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Voices of the Civil War Exhibit

Evidence and ArtifactsOn display right now at Special Collections, visitors will find a beautiful exhibit entitled “Voices of the Civil War.”  An enchanting wafting of music immediately draws in the curious and creates the atmosphere of stepping into the whispering voices of America’s past, while lantern slides rotate through historic pictures of the 19th century.

Through displays of historic correspondence, literature, cinema, artifacts, sheet music, and art, the Civil War is described by those who experienced it, those who were affected by it, and those who have learned from it.

Among those who have been given voice by this exhibit, we become acquainted with slave traders who have left a bill of sale which describes the dark complexions of an African family callously labeled “property.”  We hear the voice of a slave owner who has granted freedom to his own slave as we read his proclamation in his own hand.  We understand the reach of influence literature has as we admire an early edition of Harriet Beecher Stowe’s Uncle Tom’s Cabin.

We see the fascination later generations have as we observe Civil War themes throughout American cinema.

We lift our eyes in painful awe as we attempt to absorb the details of the 9 feet by 20 feet reproduction of Peter Frederick Rothermel’s painting Battle of Gettysburg.

As we read the letters written home by young Don Carlos Salisbury (the nephew to Joseph Smith), we feel the excitement war is to a young boy and we experience the change and weariness in his voice as the years go on and how innocence changes in the wake of the hard reality known as death.  We see firsthand the turmoil and pain of a family torn by the war.  We see evidence that the war pitted brother against brother, father against son.

We see that historic newspaper, dated Saturday, April 15, 1865 declaring a “terrible calamity.  President Lincoln assassinated” and we hear a young nation gasp.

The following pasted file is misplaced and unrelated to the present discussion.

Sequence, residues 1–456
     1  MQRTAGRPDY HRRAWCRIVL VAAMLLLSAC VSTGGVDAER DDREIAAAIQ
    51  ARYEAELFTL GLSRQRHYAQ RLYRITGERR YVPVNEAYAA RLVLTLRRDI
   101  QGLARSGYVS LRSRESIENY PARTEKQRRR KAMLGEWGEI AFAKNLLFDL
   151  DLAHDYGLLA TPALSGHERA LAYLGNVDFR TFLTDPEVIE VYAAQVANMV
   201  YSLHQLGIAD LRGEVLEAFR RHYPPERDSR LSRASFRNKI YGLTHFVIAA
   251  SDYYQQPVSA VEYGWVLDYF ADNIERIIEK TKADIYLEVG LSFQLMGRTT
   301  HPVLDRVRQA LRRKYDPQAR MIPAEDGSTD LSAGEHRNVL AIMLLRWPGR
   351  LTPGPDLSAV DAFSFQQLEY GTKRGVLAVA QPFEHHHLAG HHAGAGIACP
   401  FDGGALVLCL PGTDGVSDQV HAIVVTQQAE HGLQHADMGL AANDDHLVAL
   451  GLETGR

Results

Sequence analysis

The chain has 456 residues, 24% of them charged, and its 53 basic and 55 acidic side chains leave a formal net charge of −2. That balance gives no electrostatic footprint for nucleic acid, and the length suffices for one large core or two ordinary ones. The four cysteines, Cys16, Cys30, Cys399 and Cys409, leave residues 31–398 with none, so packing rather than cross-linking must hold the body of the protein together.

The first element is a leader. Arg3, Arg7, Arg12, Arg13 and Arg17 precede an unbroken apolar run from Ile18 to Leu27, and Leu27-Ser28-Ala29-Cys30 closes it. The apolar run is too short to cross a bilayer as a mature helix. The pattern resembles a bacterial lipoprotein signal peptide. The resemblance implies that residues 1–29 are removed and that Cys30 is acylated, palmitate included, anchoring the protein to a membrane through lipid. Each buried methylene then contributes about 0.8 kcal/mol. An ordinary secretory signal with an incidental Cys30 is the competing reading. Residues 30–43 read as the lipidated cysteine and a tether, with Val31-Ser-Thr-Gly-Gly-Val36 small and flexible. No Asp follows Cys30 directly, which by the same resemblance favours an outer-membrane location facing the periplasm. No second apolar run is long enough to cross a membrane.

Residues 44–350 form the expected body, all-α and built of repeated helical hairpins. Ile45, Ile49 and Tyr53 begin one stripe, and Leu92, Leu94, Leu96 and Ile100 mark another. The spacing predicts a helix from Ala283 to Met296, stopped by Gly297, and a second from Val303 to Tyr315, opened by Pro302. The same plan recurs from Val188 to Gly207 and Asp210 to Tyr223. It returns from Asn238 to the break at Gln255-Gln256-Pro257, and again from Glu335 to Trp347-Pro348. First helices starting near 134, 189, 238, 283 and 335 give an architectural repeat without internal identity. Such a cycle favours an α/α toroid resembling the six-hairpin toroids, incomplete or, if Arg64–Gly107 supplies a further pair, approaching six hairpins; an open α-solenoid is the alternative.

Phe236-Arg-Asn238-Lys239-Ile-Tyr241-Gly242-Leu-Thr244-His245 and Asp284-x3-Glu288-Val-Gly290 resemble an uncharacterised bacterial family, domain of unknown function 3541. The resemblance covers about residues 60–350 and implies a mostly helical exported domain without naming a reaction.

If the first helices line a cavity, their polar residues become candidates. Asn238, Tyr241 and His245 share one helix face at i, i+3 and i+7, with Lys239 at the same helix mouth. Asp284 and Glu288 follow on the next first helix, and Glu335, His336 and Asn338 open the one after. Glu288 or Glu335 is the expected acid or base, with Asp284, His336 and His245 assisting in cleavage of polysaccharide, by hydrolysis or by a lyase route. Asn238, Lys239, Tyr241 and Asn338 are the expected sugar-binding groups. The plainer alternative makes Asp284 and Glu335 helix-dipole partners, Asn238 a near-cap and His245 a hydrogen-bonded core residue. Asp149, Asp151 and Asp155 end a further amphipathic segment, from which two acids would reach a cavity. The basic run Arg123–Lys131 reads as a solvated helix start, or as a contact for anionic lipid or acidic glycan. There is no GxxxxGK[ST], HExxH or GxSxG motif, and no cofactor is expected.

Of particular interest to Latter-day Saints, we hear the voice of the prophet Joseph Smith as we read the transcript in W.W. Phelps’ hand of the revelation given on December 25, 1835 which begins, “Verily, thus saith the Lord concerning the wars that will shortly come to pass, beginning at the rebellion of South Carolina…” (Doctrine and Covenants Section 87)

Ranging from the spring of 1861 to 1865, the American Civil War was the most costly wars of human life in its history.  More than 600,000 lives were lost.  Many more carried the scars, visible and nonvisible, for the rest of their lives.  So many stories and so many voices rise up to tell the defining moment of the United States, a moment when a nation began to define itself as “one nation, under God, indivisible, with Liberty and Justice for all.” (Pledge of Allegiance, emphasis mine)

For more voices from the Civil War visit the exhibit and see the stories that are told first hand.  There are also many other items available in Special Collections that tell about the Civil War.  The Journal of a Grandfather is a privately printed edition of only 100 copies which journals the experiences of a Civil War soldier who served in the 1st Texas Artillery and as colonel of the 16th Confederate States Cavalry.  (Call # 973.78 H87j 1912)  Another item of interest may be a holding titled Chronicles from the diary of a war prisoner in Andersonville and other military prisons of the South in 1864: Experiences, observations, interviews and poems written in prison, with historical introduction. An appendix containing statement of a Confederate physician and officer relative to prison condition and management. (Call # 973.771 N81 1904)

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